26 Sep P-5 Approved Draft Language of Security Council Resolution on Syria’s Chemical Weapons
Probably many of you are reading, as I am now, the just-released language of a draft UN Security Council resolution (reported by the press as P-5 approved) on Syria’s chemical weapons. I’m particularly interested in this, as I’m talking tomorrow at ASIL’s monthly brown bag lunch for Congressional staff on Syria and the use of force – it’s a descriptive talk for a non-expert audience, not me making a pitch, based around an ASIL Insight I did a few weeks ago but which, of course, needs updating in the talk tomorrow to respond to the current situation. I’m not going to put the draft text up in full – Reuter’s has it here.
The draft resolution says, to note a few bits, that use of chemical weapons “anywhere” constitutes a threat to international peace and security; use of chemical weapons in Syria (without saying who) is a threat to international peace security; use of chemical weapons in Syria is also a serious violation of international law for which there must be accountability for those responsible; and, finally, under the title “Compliance,” the Security Council
21. Decides, in the event of non-compliance with this resolution, including unauthorized transfer of chemical weapons, or any use of chemical weapons by anyone in the Syrian Arab Republic, to impose measures under Chapter VII of the United Nations Charter;
22. Decides to remain actively seized of the matter.
Unsurprisingly, nothing in the language of the draft resolution appears to budge the views of the US and Russia. I’ve talked about this as a process versus substance view of the UN and international law. That is, if you view international law as being international institutions and their processes, establishing the substantive reach and meaning of international law through those institutions and processes, then there’s little in here that would give the US grounds to act on its own. The “Compliance” language of the draft resolution (in the event of noncompliance, the Security Council “decides” to “impose measures under Chapter VII”) is a process statement that, under the Charter, makes it the Security Council’s call what measures and under what terms.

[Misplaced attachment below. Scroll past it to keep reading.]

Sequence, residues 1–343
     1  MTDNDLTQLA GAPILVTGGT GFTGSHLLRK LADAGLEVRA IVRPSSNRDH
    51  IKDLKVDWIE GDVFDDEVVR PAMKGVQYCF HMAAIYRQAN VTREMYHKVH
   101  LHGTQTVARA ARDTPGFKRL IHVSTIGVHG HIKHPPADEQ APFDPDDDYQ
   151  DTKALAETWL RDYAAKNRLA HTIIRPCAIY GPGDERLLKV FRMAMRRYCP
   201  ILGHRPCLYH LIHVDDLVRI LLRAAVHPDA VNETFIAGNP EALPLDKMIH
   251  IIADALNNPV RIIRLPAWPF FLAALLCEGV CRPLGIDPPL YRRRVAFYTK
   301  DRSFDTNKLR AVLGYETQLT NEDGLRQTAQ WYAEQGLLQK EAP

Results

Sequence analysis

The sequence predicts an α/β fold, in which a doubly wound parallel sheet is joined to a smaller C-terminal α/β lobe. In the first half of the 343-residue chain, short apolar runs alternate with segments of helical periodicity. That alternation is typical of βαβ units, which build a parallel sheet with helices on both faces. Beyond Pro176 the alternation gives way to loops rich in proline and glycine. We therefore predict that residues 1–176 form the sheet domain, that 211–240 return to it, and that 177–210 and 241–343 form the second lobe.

If, by contrast, you view international law as having a substance and content that is not simply identical with the results of international institution’s processes, but instead has independent content and meaning, then if you are “a” government that decides to act unilaterally, you at least open up the possibility to claim that the (deadlocked) processes of the Security Council have got it so badly wrong that it is not illegal to act – because the question of legality is in the first place the content of the law, and only secondarily its processes. It’s not taking the “illegal but legitimate” position, because it doesn’t regard it as “illegal.” Nor does this adopt the position of “extralegal and legitimate.” It says, rather, that legality is not 100% defined by processes of international institutions, which might be flawed in many ways, and the content of international law is at least partly distinct from it.
And then, looking at the draft resolution – just as the ‘proceduralists” would point to the Security Council deciding in the case of noncompliance to “impose” measures and that the Security Council “remains seized” – the ‘substantivists’ (while denying they need to do this) point to the draft resolution as declaring, not only that any use of chemical weapons is a threat to international peace and security, but also a “serious violation of international law.” Which, having a life independent of international institutions and their processes, might be the subject of unilateral action. I think that’s probably a fairly accurate restatement of what Ambassador Power has said many times, in one rubric or another, over the last few weeks.
So, on my quick read of the draft resolution … it probably advances the ball on getting CW teams and all that into Syria, on the ground in a practical way. It doesn’t appear to move things one way or the other, unless I have missed something in my haste, as far as the basic disagreement over the US’s threat to use unilateral force and the respective views of international law as such that underlie the respective positions.
(And while I’m thinking of it, some readers might be interested in a long review essay I wrote over at Lawfare, reviewing Joost Hiltermann’s 2007 book, A Poisonous Affair, and George Black’s 1993 report for Human Rights Watch, Genocide in Iraq. The review discusses those books as well my own experience with a forensic anthropology team in Kurdistan in 1992, exhuming mass graves from massacres and a chemical weapons attack during the 1988 Anfal campaign.)